To stop Identity thieves up front, the IRS has made a significant increase for 2013 in the number and quality of identity theft screening filters that spot fraudulent returns before refunds are issued. More than 3,000 IRS employees have been assigned to work on identity theft-related cases. The IRS provides the following tips to help you avoid becoming a victim of identity theft:
1) The IRS does not initiate contact with taxpayers by email or social media tools. In addition, the IRS does not email or text taxpayers.
2) If you receive a scam email claiming to be from the IRS, forward it to IRS at email@example.com
3) If you discover a website that claims to be the IRS but does not begin with www/irs/gov forward that link to the IRS at firstname.lastname@example.org
4) Your identity may have been stolen if a letter from the IRS indicates more than one tax return was filed for you or the letter states you received wages from an employer you don’t know. If you receive such a letter from the IRS, leading you to believe your identity has been stolen, respond immediately to the name, address or phone number on the IRS notice. If you believe the notice is not from IRS, contact the IRS to determine if the notice is legitimate.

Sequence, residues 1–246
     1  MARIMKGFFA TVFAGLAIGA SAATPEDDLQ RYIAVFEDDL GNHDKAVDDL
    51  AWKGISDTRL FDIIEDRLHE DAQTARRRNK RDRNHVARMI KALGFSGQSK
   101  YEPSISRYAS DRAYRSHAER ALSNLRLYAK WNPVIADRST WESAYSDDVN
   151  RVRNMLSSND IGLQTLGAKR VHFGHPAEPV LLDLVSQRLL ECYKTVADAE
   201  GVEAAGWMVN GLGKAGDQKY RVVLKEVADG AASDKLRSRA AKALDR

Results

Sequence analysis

5) While preparing your tax return for electronic filing, make sure to use a strong password to protect the data file. Strong passwords contain a combination of capital letters, lower case letters, numbers, and allowed symbols.
If you believe you are a victim of identity theft, contact the IRS Identity Protection Specialized Unit at 800-908-4490. You will be asked to complete Form 14039 to report you are a victim of identity theft and that it:
- is affecting your federal tax records,
- you have experienced an event involving personal information that may at some future time affect your federal tax records,
- and/or you are a personal representative of an identity theft victim